Jail survey highlights inmates' struggles with poverty

Hennepin County Sheriff Rich Stanek
Hennepin County Sheriff Rich Stanek at a press conference in 2014.
Brandt Williams | MPR News file

A voluntary one-day survey of 643 Hennepin County jail inmates shows how the criminal justice system hurts the working poor, said Hennepin County Sheriff Rich Stanek.

The One-Day Snapshot Study was conducted on August 25, 2018. Among those inmates who responded a majority indicated they earned less than $20,000 per year, Stanek said.

"Eighty-eight percent of those can't afford to pay their court-ordered bail. And 71 percent of those are in jail for a non-violent charge," he said. "And so we've always said, look we should lock up those we are afraid of not those that can't afford to pay."

The results of the study were analyzed by Ronal Serpas, a criminology professor at Loyola University in New Orleans, La., and a former superintendent for the New Orleans Police Department.

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Serpas said the data is an important contribution to the nationwide discussion about problems plaguing the nation's criminal justice system.

"More and more cities, counties are recognizing that, as is the case here, significant percentages of those held in jails are not a threat to the public, and are being housed at an incredible cost," said Serpas in a press release. "This study demonstrates this well and will be a valuable launching pad for a lot of critical thinking needed on this topic."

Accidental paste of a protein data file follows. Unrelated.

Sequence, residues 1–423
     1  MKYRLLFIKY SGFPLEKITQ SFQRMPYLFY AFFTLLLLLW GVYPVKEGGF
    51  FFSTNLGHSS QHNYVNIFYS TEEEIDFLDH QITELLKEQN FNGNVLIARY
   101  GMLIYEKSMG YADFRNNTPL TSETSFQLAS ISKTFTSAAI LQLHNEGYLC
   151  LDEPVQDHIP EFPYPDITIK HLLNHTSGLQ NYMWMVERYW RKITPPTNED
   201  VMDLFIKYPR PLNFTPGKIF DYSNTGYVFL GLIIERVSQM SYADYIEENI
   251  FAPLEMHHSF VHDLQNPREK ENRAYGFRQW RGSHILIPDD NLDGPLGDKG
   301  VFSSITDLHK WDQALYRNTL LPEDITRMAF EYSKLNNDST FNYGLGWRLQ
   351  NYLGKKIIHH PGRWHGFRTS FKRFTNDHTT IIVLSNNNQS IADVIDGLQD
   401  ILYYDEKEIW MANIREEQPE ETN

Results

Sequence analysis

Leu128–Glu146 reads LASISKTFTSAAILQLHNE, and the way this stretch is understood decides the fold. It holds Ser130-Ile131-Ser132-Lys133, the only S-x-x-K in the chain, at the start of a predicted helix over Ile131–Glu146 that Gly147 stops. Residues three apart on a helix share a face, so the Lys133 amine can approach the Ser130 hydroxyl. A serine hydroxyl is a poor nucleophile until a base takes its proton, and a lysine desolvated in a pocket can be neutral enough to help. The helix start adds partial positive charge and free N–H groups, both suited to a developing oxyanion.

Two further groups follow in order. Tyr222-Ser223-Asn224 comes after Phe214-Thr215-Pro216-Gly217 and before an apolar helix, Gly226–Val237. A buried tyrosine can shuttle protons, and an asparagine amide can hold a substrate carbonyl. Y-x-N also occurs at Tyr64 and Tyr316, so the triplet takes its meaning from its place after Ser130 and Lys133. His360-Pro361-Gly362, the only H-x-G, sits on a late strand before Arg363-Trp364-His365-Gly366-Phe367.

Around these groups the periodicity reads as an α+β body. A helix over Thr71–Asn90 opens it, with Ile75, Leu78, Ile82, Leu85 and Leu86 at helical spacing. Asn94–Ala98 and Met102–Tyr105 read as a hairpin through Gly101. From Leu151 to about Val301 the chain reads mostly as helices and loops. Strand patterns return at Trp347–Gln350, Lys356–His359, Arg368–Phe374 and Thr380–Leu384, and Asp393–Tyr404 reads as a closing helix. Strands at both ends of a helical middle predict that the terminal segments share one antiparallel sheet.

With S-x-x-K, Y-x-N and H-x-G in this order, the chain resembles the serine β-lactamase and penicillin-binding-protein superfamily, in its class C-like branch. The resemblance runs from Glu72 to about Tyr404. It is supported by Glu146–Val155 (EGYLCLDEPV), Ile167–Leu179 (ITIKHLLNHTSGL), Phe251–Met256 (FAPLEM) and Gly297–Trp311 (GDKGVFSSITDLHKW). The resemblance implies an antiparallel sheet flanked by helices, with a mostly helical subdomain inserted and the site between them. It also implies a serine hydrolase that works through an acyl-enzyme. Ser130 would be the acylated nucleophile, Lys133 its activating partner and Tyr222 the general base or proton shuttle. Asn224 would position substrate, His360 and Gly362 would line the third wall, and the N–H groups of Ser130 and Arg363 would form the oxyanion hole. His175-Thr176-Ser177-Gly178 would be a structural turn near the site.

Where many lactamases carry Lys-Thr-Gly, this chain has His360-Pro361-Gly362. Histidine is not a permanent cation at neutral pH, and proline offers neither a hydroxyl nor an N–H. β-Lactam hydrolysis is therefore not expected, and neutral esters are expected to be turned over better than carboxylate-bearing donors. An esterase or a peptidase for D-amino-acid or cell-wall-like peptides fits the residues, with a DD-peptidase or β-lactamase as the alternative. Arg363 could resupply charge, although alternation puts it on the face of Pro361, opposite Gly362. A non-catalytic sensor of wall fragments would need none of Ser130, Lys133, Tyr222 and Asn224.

In the past, Stanek has conducted surveys on the prevalence of mental illness and opioid addiction in the inmate population. Both studies revealed that inmates are particularly hit hard by both crises.

Stanek leaves office on Monday.

"Jails should never be the warehouses for the mental-ill or the chemically dependent in society or as substitute shelters for the homeless," said Stanek. "It is unacceptable."

After 12 years in office, Stanek is leaving after losing his re-election bid to Dave Hutchinson. Stanek said he didn't know specifically what he'll do next, but believes he will stay involved in the causes he's passionate about.

"I want to continue to work on things that affect public safety," said Stanek. "It's what I dedicated 35 years of my adult life to and I will continue to moving into the future."